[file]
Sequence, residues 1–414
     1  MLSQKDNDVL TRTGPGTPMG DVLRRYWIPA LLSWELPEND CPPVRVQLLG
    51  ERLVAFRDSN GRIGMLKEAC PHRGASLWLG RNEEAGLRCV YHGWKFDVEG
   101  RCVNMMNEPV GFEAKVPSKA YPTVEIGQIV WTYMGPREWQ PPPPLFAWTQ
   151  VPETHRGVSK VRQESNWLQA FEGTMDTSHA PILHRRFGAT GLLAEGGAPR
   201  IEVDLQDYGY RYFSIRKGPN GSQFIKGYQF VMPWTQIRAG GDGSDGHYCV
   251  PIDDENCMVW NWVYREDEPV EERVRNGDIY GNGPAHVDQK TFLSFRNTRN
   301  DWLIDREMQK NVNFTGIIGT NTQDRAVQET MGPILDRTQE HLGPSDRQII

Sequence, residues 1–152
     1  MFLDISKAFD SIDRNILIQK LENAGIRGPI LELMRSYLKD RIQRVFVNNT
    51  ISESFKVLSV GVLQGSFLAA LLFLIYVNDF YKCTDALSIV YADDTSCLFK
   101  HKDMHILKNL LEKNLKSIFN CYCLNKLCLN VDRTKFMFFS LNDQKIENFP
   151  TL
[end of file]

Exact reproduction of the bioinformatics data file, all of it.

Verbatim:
Sequence, residues 1–414
     1  MLSQKDNDVL TRTGPGTPMG DVLRRYWIPA LLSWELPEND CPPVRVQLLG
    51  ERLVAFRDSN GRIGMLKEAC PHRGASLWLG RNEEAGLRCV YHGWKFDVEG
   101  RCVNMMNEPV GFEAKVPSKA YPTVEIGQIV WTYMGPREWQ PPPPLFAWTQ
   151  VPETHRGVSK VRQESNWLQA FEGTMDTSHA PILHRRFGAT GLLAEGGAPR
   201  IEVDLQDYGY RYFSIRKGPN GSQFIKGYQF VMPWTQIRAG GDGSDGHYCV
   251  PIDDENCMVW NWVYREDEPV EERVRNGDIY GNGPAHVDQK TFLSFRNTRN
   301  DWLIDREMQK NVNFTGIIGT NTQDRAVQET MGPILDRTQE HLGPSDRQII

Sequence, residues 1–152
     1  MFLDISKAFD SIDRNILIQK LENAGIRGPI LELMRSYLKD RIQRVFVNNT
    51  ISESFKVLSV GVLQGSFLAA LLFLIYVNDF YKCTDALSIV YADDTSCLFK
   101  HKDMHILKNL LEKNLKSIFN CYCLNKLCLN VDRTKFMFFS LNDQKIENFP
   151  TL